know, they can be in the sun, it just burns them a bit quicker,
they don't like human blood, and can't even metabolise it. They drink
animal blood and I know you've had blood sausage before, you piece of
"Screw you, man," Matt stood up quickly sending his chair sprawling
along the floor behind him. He took one last look of revulsion towards
Rob before turning a walking away leaving his lunch behind. Rob just
kept on smiling. In truth, his face was beginning to hurt from keeping
his facial muscle bunched up into a big broad smile but it was having
its desired effect on Matt so he lived with the temporary discomfort.
Rob watched him get half way across the cafeteria and called after
him, loud enough so he could, "I find the red tinge to their eyes
pretty sexy, they're not cold to touch, they've no super human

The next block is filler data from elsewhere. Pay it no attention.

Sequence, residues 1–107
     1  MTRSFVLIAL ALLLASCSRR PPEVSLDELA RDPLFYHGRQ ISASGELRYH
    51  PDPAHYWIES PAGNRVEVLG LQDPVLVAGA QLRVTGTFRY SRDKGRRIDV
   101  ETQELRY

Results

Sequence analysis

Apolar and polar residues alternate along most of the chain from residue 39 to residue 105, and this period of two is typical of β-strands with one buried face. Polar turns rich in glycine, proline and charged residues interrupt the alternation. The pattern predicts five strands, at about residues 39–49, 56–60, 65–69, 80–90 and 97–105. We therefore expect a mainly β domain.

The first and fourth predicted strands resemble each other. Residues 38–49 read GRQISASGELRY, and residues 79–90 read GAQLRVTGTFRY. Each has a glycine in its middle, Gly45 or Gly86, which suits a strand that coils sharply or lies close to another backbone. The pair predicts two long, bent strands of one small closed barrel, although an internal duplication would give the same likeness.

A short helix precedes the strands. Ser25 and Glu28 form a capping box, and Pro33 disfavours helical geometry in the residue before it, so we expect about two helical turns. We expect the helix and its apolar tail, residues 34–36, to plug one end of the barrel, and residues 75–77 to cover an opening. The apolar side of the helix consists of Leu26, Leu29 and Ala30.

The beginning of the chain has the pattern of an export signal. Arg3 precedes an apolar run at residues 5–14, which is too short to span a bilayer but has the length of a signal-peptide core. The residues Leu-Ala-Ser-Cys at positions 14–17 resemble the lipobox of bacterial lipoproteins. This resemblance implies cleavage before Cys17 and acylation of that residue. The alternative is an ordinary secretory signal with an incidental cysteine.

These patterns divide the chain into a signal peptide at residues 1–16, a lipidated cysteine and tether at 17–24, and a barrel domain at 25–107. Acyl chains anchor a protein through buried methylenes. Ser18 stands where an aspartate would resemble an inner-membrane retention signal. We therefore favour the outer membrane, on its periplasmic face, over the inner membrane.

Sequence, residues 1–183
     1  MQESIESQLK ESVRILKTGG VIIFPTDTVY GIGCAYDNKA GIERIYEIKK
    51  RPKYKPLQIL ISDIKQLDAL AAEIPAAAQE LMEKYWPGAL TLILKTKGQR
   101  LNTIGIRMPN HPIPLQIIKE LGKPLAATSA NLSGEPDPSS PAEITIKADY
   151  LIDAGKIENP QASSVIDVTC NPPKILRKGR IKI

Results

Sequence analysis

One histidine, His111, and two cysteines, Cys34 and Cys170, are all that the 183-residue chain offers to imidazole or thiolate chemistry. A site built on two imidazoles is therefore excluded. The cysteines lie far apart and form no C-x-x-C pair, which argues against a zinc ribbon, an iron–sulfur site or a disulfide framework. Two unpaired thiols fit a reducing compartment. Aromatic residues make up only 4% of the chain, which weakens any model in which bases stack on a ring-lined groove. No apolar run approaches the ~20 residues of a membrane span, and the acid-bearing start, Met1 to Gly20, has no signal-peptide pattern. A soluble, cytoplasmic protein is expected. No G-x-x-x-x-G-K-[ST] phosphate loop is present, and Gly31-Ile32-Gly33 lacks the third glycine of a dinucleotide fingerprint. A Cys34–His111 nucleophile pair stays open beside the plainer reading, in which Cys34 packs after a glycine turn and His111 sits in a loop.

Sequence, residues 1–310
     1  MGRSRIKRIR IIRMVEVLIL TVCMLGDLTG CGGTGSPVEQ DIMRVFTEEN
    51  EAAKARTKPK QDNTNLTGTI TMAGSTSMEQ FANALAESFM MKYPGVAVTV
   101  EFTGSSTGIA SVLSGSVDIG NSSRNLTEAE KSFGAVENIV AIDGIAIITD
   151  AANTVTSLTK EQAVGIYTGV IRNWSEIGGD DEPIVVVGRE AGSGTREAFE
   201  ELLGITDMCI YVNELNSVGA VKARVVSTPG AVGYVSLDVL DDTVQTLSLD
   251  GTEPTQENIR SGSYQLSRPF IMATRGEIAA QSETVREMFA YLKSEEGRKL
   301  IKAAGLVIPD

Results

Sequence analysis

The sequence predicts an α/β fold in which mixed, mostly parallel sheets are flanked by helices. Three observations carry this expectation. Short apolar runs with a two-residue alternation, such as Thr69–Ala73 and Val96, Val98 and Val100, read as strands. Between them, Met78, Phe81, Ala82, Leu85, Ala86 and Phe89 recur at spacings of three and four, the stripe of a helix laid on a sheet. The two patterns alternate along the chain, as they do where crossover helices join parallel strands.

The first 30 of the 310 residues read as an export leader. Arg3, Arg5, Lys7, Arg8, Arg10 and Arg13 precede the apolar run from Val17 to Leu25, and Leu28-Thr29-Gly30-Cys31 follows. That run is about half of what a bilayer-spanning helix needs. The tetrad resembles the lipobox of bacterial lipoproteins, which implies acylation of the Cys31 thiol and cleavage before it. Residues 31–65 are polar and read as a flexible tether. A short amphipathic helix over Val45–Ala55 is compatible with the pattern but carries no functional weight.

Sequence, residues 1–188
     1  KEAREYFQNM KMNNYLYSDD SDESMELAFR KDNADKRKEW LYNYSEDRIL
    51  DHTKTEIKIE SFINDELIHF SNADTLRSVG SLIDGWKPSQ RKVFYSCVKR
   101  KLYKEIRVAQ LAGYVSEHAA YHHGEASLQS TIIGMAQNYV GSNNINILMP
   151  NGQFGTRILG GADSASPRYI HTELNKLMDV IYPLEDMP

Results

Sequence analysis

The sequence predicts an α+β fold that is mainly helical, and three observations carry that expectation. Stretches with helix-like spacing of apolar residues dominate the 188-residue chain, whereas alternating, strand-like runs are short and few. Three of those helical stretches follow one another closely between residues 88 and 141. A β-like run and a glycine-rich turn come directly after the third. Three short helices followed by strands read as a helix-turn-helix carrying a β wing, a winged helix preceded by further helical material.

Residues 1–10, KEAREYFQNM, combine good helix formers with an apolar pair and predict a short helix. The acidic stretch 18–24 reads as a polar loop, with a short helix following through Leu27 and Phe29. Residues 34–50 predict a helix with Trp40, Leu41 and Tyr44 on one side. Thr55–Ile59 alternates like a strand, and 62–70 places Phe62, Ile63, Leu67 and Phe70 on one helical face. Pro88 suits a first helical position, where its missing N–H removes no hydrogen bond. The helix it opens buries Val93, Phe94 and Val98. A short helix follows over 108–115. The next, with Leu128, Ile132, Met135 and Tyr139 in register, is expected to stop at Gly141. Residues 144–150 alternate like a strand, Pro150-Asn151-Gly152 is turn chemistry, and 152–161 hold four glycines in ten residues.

abilities..." He roared his final statement, releasing his pent up
anger, "...AND YOU CAN'T BECOME ONE FROM BEING BITTEN, YOU PRICK!"
Matt gave Rob the finger as he left back through the double doors
they had entered only ten minutes before. Rob was glad that he never
had to pretend to enjoy Matt's company ever again. He was pretty sure
this sealed the coffin of their pretend friendship. He picked his
sandwich up and took another big bite from it with renewed
As he chewed he heard a shuffle of feet from behind him. It startled
him enough that he almost choked on a mouthful of sandwich but managed
to swallow it before it went down the wrong tube.
"Sorry, I didn't mean to frighten you," a voice said from behind.
Rob turned and looked at who it was. It was the vampire girl from
earlier on. She must have changed seats hiding somewhere among the
shadows so neither men could see her.
"No, no, you didn't," Rob said catching his breath and placing his